San Bernardino is divided into several districts. Many hotels, restaurants, and retail establishments have been built around Hospitality Lane in the southern part of the city, creating an informal business district. Downtown is its own district with shopping and government buildings. In the foothills of the San Bernardino Mountains lies the University District, which is a commercial area designed to support the California State University with shopping, dining, and high-density residential space. On the southern side of I-215 and the University District is the Cajon Pass light-industrial district where warehouses are situated to take advantage of this important connection between Southern California and the rest of the United States. On the opposite side of the city is the San Bernardino International Gateway, which encompasses the San Bernardino International Airport (SBD) and the Alliance California Logistics campus (air cargo hub). Nearby is the Burlington Northern Santa Fe rail hub. The combination of these assets (airport; rail hub; extensive freeway system; and, Cajon Pass) makes the city important in the movement of goods and people between Southern California and the rest of the United States.
The city of San Bernardino is in the process of developing an historic district around the 1918 Santa Fe Depot, which recently underwent a $15.6 million restoration. When completed, this area will connect to the downtown district with period street lights and street furniture, historic homes and other structures, a new museum, coffee bars and, a mercado with an architectural style in keeping with the Mission Revival station.
San Bernardino has three unincorporated communities known for residences of millionaires and increasingly affluent sections of town: Del Rosa, Muscoy, University Heights (Kendall Farms) and University Hills, and Verdemont.
The 2010 United States Census reported that San Bernardino had a population of 209,924. The population density was 3,519.6 people per square mile (1,358.9/km²). The racial makeup of San Bernardino was 95,734 (45.6%) White, 31,582 (15.0%) African American, 2,822 (1.3%) Native American, 8,454 (4.0%) Asian, 839 (0.4%) Pacific Islander, 59,827 (28.5%) from other races, and 10,666 (5.1%) from two or more races. Hispanic or Latino of any race were 125,994 persons (60.0%). Non-Hispanic Whites were 19.0% of the population in 2010, compared to 65.6% in 1970.
The Census reported that 202,599 people (96.5% of the population) lived in households, 3,078 (1.5%) lived in non-institutionalized group quarters, and 4,247 (2.0%) were institutionalized.
There were 59,283 households, out of which 29,675 (50.1%) had children under the age of 18 living in them, 25,700 (43.4%) were opposite-sex married couples living together, 13,518 (22.8%) had a female householder with no husband present, 5,302 (8.9%) had a male householder with no wife present. There were 5,198 (8.8%) unmarried opposite-sex partnerships, and 488 (0.8%) same-sex married couples or partnerships. 11,229 households (18.9%) were made up of individuals and 4,119 (6.9%) had someone living alone who was 65 years of age or older. The average household size was 3.42. There were 44,520 families (75.1% of all households); the average family size was 3.89.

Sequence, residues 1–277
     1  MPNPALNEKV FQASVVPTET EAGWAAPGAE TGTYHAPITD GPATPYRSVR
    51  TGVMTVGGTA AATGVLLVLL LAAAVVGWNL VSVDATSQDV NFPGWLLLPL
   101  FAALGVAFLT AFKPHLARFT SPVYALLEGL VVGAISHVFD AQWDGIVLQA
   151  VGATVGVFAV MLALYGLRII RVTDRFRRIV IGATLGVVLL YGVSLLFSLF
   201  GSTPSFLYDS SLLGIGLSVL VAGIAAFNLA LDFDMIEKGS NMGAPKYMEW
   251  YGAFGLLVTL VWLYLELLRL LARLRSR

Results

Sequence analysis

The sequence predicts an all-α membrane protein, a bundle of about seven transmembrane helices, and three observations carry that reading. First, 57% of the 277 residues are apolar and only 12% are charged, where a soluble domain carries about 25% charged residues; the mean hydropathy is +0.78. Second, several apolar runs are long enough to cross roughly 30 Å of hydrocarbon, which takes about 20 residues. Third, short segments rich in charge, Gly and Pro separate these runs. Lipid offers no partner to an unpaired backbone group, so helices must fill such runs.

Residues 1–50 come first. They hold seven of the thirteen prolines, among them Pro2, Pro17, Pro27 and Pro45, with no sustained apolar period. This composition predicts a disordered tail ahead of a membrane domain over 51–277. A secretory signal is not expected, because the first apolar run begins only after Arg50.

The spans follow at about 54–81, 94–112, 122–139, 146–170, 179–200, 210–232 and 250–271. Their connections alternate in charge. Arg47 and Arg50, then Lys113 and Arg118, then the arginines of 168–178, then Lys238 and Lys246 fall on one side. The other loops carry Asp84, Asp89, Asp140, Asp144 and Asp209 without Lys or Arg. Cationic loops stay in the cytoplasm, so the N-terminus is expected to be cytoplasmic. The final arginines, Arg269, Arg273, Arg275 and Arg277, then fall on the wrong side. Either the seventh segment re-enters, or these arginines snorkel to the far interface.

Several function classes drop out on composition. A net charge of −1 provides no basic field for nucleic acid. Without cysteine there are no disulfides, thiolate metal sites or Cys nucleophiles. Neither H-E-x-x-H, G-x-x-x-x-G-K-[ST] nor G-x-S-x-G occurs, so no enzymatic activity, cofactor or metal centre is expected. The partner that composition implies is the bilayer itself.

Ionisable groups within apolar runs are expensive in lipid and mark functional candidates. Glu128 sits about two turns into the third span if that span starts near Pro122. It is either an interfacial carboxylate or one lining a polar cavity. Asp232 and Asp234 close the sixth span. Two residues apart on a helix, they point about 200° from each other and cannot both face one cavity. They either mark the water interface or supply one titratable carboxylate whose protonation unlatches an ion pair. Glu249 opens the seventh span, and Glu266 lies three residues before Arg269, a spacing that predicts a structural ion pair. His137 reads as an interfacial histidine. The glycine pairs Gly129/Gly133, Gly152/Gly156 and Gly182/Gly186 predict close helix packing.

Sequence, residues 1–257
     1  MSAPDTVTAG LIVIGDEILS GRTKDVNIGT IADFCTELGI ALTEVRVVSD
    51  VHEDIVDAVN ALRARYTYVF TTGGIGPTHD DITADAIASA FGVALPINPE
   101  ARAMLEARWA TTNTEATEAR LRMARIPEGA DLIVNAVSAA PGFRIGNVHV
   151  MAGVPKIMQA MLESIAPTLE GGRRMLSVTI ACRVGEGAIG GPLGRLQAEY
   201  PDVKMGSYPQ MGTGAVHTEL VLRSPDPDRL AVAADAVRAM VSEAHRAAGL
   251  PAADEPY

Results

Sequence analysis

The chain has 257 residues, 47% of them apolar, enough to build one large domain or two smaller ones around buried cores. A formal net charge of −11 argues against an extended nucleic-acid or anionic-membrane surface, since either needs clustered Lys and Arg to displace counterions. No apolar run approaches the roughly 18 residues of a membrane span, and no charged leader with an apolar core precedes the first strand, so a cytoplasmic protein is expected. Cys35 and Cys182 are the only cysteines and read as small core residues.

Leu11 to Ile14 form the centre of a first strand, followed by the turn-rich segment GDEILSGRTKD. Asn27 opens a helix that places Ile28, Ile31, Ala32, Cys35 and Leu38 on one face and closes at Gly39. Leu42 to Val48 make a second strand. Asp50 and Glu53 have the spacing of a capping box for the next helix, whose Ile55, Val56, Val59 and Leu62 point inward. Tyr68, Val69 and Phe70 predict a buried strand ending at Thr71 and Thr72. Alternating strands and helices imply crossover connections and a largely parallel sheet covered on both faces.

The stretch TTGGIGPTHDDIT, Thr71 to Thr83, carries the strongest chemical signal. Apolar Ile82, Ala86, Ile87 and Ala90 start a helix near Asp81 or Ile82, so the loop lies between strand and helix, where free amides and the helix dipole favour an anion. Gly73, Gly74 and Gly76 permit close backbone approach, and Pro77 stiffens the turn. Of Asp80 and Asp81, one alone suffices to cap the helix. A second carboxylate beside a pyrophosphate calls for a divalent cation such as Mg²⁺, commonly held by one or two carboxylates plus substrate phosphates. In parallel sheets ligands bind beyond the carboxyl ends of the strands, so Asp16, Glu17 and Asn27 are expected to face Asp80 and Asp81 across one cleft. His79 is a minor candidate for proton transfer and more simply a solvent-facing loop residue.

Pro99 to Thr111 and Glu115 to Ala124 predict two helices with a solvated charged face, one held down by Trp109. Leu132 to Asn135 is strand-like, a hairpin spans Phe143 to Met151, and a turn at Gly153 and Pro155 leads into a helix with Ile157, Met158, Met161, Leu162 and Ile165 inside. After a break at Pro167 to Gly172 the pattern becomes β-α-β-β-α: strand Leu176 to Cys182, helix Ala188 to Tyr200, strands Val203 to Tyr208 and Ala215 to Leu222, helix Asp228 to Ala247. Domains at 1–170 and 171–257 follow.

The population was spread out with 67,238 people (32.0%) under the age of 18, 26,654 people (12.7%) aged 18 to 24, 56,221 people (26.8%) aged 25 to 44, 43,277 people (20.6%) aged 45 to 64, and 16,534 people (7.9%) who were 65 years of age or older. The median age was 28.5 years. For every 100 females there were 97.2 males. For every 100 females age 18 and over, there were 94.0 males.
There were 65,401 housing units at an average density of 1,096.5 per square mile (423.4/km²), of which 29,838 (50.3%) were owner-occupied, and 29,445 (49.7%) were occupied by renters. The homeowner vacancy rate was 3.2%; the rental vacancy rate was 9.5%. 102,650 people (48.9% of the population) lived in owner-occupied housing units and 99,949 people (47.6%) lived in rental housing units.
Western, central, and parts of eastern San Bernardino are home to mixed-ethnic low-income populations, of which the Latino and African American populations dominate. Historically, many Latinos, primarily Mexican-Americans and Mexicans lived on Mount Vernon Avenue on the West Side, while the Medical Center (formerly known as Muscot) and Base Line corridors were mostly black since the 1960s, in particular in the east side and west side areas centering on public housing projects Waterman Gardens and the public housing on Medical Center drive. The heart of the Mexican-American community is on the West and Southside of San Bernardino, but is slowly expanding throughout the entire city. San Bernardino's only Jewish congregation moved to Redlands in December 2009. Some Asian-Americans live in and around the city of San Bernardino, like a late 19th century-era (gone) Chinatown and formerly Japanese-American area in Seccombe Park on the east end of downtown and currently, a large East-Asian community in North Loma Linda as well in nearby Loma Linda to the south across the Santa Ana River serves as an example.
Government, retail, and service industries dominate the economy of the city of San Bernardino. From 1998 to 2004, San Bernardino's economy grew by 26,217 jobs, a 37% increase, to 97,139. Government was both the largest and the fastest-growing employment sector, reaching close to 20,000 jobs in 2004. Other significant sectors were retail (16,000 jobs) and education (13,200 jobs).